Interface of Dialog
🏗 Coming Soon

Dialogs break out of the standard application flow and UI to present new information or required actions.

Dialog provides a general purpose (empty & unstyled) overlay. Confirm will likely be more useful if your intent is to render a standard user confirmation dialog.

Standard Use

Dialog operates in a "uncontrolled" manner.


Dialog can be used in a "controlled" manner by specifying the isOpen property. An onClose callback should also be specified so that clicking the dialog's backdrop or calling the DialogContext.closeModal method will work as expected.

Hook: useDialog

Dialog is also offered as a React Hook via useDialog. It returns the open callback and rendered dialog.

Render Props

Dialog supports render-props style use in cases where the simple compositional syntax is unable to automatically spread the dialog props down on the the child element properly.


Dialogs are assembled of two pieces: an overlay and a surface. The Backdrop component is the semi-opaque full-screen overlay which signals that the the rest of the application is inaccessible. The Surface component sits on top of the overlay and renders the relevant content.

The most common pattern for a Dialog is the Confirm pattern.


This provides the backdrop behind dialogs. It can be customized via the backdrop property. These must be a CSSProperty compatible key / value paired object.


Surface provides the container that contains the content. It can be customized via the surfaceStyles property. These must be a CSSProperty compatible key / value paired object.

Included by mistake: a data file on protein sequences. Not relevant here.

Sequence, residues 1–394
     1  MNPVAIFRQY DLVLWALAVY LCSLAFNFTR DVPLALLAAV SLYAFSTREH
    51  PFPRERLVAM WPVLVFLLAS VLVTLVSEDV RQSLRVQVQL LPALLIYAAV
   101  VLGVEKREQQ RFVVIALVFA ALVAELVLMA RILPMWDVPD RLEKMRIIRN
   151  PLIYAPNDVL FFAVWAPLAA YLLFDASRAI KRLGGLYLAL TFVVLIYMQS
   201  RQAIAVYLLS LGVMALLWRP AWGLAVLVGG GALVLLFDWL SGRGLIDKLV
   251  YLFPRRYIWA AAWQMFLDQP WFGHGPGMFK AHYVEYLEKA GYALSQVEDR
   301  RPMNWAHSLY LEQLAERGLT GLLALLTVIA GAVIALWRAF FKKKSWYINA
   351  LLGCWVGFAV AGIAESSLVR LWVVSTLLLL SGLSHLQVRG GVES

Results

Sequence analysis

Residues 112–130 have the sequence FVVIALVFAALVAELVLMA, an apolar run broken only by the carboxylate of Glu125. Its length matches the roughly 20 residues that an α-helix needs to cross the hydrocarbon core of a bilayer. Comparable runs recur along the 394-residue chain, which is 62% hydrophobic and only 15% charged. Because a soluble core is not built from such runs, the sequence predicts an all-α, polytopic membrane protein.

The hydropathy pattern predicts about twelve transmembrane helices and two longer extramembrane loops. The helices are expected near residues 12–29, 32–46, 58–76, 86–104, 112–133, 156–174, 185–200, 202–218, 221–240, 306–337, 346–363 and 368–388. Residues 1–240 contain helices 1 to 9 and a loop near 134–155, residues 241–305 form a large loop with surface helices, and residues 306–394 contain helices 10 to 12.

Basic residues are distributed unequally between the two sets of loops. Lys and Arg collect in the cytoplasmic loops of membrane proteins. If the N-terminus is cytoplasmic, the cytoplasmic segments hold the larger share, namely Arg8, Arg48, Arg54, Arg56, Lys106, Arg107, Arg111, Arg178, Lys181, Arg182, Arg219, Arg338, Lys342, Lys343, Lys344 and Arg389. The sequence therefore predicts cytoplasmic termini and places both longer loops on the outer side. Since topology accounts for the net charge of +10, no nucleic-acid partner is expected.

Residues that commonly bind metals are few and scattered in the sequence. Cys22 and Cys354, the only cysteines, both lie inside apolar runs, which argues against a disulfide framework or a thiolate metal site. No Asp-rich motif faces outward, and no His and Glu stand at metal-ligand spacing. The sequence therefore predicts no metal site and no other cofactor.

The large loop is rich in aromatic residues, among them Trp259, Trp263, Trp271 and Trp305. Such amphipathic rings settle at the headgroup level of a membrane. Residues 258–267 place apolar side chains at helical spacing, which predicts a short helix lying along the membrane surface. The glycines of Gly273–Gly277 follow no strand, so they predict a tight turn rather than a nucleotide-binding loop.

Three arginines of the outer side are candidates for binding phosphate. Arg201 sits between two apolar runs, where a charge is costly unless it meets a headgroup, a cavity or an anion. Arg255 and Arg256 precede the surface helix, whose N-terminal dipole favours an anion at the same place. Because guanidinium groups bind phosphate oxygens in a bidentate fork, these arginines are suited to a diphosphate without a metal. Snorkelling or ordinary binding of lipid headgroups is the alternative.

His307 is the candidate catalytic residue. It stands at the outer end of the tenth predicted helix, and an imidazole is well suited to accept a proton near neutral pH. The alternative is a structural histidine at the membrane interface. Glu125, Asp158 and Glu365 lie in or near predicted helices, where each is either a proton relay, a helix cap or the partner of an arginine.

ReferenceError: Surface is not defined

Props: width and maxWidth

All variants of Dialog allow you to override width and max-width styles to suit your content. By default, width is unassigned so that Dialog Surface will conform to the width of its content. At the same time, maxWidth constrains the Dialog surface's width to be no larger than the specified value.

maxWidth defaults to one of three sizes depending on the responsive breakpoint of the page (['90vw', '90vw', '600px']).

With those constraints in mind, if you want a variable-width Dialog that renders complex content you should use maxWidth. If your Dialog content must be a specific predefined width, assign values to both props (or else maxWidth will take priority).

The props accept responsive width arrays an well as static strings.


import React, { useContext } from 'react'
import { Button, DialogContext } from '@looker/components'
export function DialogContextDemo() {
return (
{({ close }) => <Button onClick={close}>Close!</Button>}
export function DailogUseContextDemo() {
const { close } = useContext(DialogContext)
return <Button onClick={close}>Close!</Button>

DialogContext is a React Context that provides access to functionality without requiring the developer to explicitly manage the Dialog's state. The context provides access to the following:

  • closeModal
  • enableFocusTrap
  • disableFocusTrap
  • focusTrapEnabled

The closeModal method simply allows you to close the Dialog or Popover.

The other methods and values above are for rare use when the focus trap behavior is interfering with the desired behavior, for example, a popover from another library nested inside of a @looker/components Popover or Dialog.

Scroll Lock

A key part of dialog usability is the scroll lock, which disables scrolling on any part of the page except within the dialog. When the Dialog component renders, it registers a scroll lock to the ScrollLockContext in ComponentsProvider, which manages competing scroll locks from other components.

In rare cases, such as nesting a popover from another library inside a Dialog, you may need to temporarily disable the scroll lock:

import { ScrollLockContext } from '@looker/components-providers'
import { useContext } from 'react'
const { activeLockRef, disableCurrentLock, enableCurrentLock } = useContext(
function toggleScrollLock() {
if (activeLockRef && activeLockRef.current) {
} else {